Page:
With no more important problems to address in the world, the European Community and even some Americans have attempted to focus public attention on what some claim to believe is the biggest human rights abuse on the planet right now: Jews circumcising their eight day old sons.
Many will recall a venomous campaign against brit milah attacking the ritual as, among other things, unhealthy, complete with cartoons showing leering, fang-toothed rabbis wielding blood-drenched knives, which circulated for a while in San Francisco — the city universally regarded as the world capital of healthy sexual practices.
A new study published by the highly respected Mayo Clinic, however, just may add enough actual facts to the discussion so that a rational result can be attained.
In the Mayo study, Dr. Brian J. Morris explains that “over their lifetime half of uncircumcised males will contract an adverse medical condition caused by their foreskin.” As a result, Morris concludes, the health benefits of infant male circumcision outweigh the risks by a factor of at least 100 to 1.
Dr. Morris and his co-authors argue that the health benefits of milah – not only for the male who undergoes it but also for any future sexual partners — are so great that doctors should be required to offer the procedure to parents. Morris explains: “circumcision might be seen in the same light as other interventions that parents must choose for their child. It is the duty of states to create conditions necessary for the fulfillment of rights to good health by facilitating the availability of interventions that are beneficial. Logically it can be argued that should include male circumcision.”
The study also disproves the suggestion that benefits from circumcision can be obtained if it is delayed until the male is old enough to decide for himself whether to undergo it. Dr. Morris demonstrates not only that there are effectively no detriments to the procedure, but also that its performance in infancy dramatically reduces the risk of urinary tract infections during childhood which may lead to kidney damage. In addition, in a conclusion which will no doubt calm some of those who characterize the Jews’ ancient practice as child abuse, the study also concludes that there is “no adverse effect of circumcision on sexual function, sensitivity, or pleasure.”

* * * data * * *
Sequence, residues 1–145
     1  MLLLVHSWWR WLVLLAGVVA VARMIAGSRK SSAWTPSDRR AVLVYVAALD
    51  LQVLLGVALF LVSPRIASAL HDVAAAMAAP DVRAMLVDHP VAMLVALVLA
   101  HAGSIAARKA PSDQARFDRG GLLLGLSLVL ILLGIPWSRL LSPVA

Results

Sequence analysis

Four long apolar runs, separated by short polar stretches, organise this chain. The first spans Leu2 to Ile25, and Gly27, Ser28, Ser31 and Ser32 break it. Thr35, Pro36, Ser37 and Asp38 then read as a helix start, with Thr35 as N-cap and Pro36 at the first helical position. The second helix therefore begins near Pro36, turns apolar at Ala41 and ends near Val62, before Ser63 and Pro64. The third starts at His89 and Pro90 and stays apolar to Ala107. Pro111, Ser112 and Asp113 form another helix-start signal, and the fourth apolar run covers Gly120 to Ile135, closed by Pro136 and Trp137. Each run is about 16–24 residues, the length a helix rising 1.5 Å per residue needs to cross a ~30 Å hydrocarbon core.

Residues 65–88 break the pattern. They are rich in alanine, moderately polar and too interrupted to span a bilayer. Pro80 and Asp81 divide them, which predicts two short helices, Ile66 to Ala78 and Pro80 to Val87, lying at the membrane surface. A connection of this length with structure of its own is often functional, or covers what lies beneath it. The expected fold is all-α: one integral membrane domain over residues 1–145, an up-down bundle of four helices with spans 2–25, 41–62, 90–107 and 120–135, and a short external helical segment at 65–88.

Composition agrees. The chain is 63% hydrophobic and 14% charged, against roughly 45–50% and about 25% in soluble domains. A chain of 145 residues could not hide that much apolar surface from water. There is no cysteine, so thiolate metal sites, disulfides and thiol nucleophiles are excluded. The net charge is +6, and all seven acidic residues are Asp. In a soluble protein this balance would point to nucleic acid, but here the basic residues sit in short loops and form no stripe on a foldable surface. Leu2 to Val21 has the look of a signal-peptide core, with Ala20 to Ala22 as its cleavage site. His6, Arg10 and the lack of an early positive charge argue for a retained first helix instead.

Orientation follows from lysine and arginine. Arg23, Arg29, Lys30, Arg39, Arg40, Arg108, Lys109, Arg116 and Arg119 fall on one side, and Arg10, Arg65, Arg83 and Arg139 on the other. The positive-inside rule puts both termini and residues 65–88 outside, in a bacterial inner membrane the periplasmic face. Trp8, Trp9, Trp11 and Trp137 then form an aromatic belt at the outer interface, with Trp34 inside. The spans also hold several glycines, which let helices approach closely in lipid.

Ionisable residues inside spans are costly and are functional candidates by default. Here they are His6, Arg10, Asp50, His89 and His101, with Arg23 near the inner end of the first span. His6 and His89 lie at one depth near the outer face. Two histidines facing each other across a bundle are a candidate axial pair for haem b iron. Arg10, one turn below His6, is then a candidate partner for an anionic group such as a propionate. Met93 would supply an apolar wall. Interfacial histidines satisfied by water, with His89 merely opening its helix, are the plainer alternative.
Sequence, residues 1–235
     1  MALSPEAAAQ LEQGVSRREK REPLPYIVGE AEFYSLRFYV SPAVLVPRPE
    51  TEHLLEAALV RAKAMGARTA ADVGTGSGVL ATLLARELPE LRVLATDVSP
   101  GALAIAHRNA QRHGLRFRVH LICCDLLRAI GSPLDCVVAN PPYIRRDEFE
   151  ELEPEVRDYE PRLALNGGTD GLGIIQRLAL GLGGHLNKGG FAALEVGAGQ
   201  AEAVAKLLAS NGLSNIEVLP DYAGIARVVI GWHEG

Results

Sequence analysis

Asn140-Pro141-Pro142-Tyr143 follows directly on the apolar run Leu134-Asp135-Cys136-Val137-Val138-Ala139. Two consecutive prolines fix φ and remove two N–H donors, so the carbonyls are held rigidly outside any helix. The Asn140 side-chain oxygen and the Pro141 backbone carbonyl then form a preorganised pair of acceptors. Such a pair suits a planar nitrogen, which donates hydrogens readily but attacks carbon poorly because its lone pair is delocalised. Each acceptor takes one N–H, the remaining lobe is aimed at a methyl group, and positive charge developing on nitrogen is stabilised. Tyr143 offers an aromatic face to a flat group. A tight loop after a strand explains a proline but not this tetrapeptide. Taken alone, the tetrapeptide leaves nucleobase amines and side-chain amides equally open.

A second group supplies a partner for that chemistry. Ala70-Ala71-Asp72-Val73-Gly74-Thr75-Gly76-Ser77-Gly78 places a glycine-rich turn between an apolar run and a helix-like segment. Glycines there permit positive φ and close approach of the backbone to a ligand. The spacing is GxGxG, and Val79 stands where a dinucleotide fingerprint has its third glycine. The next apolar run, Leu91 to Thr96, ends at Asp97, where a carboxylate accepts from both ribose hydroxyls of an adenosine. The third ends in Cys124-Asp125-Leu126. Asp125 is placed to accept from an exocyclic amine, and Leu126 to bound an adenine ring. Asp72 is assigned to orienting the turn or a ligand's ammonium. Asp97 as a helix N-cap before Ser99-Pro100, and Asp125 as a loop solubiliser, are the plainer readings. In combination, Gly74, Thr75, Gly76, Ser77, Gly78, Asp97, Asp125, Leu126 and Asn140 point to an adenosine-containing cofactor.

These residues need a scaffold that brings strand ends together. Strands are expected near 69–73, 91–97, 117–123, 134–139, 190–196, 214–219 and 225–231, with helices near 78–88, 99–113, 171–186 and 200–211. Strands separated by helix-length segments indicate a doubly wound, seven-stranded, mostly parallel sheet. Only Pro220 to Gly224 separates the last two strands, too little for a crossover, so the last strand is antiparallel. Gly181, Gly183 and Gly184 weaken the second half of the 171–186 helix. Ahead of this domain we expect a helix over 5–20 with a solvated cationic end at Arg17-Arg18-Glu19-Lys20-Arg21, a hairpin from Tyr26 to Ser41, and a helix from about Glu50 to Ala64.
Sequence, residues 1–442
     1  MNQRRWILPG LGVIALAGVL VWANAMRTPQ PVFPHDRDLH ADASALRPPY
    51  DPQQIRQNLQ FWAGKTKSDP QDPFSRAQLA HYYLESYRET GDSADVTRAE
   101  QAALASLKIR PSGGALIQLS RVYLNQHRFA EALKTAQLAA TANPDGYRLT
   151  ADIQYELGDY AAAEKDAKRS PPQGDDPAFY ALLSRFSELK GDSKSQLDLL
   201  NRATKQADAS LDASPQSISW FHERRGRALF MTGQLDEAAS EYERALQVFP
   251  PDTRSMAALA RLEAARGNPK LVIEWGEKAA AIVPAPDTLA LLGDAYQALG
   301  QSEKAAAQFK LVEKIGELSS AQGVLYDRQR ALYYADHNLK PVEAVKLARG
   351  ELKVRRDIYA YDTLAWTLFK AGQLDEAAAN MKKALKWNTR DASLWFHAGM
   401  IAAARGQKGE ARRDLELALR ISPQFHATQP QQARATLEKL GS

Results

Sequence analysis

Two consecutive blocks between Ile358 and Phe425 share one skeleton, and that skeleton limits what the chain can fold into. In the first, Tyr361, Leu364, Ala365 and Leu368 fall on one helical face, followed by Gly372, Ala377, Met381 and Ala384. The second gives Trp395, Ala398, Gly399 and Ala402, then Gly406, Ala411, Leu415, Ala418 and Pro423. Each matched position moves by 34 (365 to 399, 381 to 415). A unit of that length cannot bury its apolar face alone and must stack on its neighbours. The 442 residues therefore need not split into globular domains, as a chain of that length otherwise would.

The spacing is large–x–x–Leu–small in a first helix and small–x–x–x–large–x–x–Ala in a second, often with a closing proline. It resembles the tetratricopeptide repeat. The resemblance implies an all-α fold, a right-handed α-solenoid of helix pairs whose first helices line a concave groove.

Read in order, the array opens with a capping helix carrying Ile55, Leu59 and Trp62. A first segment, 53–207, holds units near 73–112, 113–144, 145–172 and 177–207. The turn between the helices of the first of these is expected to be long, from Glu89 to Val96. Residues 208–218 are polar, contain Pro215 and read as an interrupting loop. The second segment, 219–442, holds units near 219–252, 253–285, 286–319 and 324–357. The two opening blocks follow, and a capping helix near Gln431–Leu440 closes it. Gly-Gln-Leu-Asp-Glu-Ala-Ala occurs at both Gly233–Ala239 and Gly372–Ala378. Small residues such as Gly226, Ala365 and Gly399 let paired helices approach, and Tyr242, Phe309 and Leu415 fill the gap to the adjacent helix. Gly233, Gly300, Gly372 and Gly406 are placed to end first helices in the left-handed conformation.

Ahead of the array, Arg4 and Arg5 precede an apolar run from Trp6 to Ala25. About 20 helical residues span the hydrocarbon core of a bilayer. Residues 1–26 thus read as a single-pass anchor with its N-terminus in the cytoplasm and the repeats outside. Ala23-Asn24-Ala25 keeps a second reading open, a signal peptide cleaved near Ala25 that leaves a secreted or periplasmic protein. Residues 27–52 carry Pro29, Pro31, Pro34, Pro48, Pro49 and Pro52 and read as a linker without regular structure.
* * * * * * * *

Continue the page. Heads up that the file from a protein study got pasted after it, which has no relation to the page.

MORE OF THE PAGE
All of Morris’s evidence should make a big difference to those who oppose infant male circumcision by analogizing it to female genital mutilation, claiming for themselves the mantle of “intactivists.” We are not aware of anyone —anyone sane, anyway — who even claims that that barbaric practice has any positive medical effects, for the woman victim or anyone else.
The Mayo study concludes with what can only be described as a tongue-in-cheek recognition of the Jew-hatred that really animates the movement against infant male circumcision, but which often tries to hide its face. Morris sums up as follows:
Many nations that condemn childhood male circumcision are not as quick to condemn other comparably invasive and dangerous procedures that have no medical benefit, eg, cosmetic orthodontia, correction of harelip, surgery for tongue-tie, growth hormone injections for treatment of dwarfism, and removal of supernumerary digits. Thus . . . it seems odd that neonatal male circumcision is regarded by some as controversial.
Odd indeed — my goodness, whatever could be motivating such people?
Dr. Morris’s conclusion brings to mind the exchange in doggeral between William Norman Ever, a now-happily unknown British journalist, and Ogden Nash: “How odd of God to choose the Jews,” Ever opined; but “it wasn’t odd,” Nash answered, for “the Jews chose God.”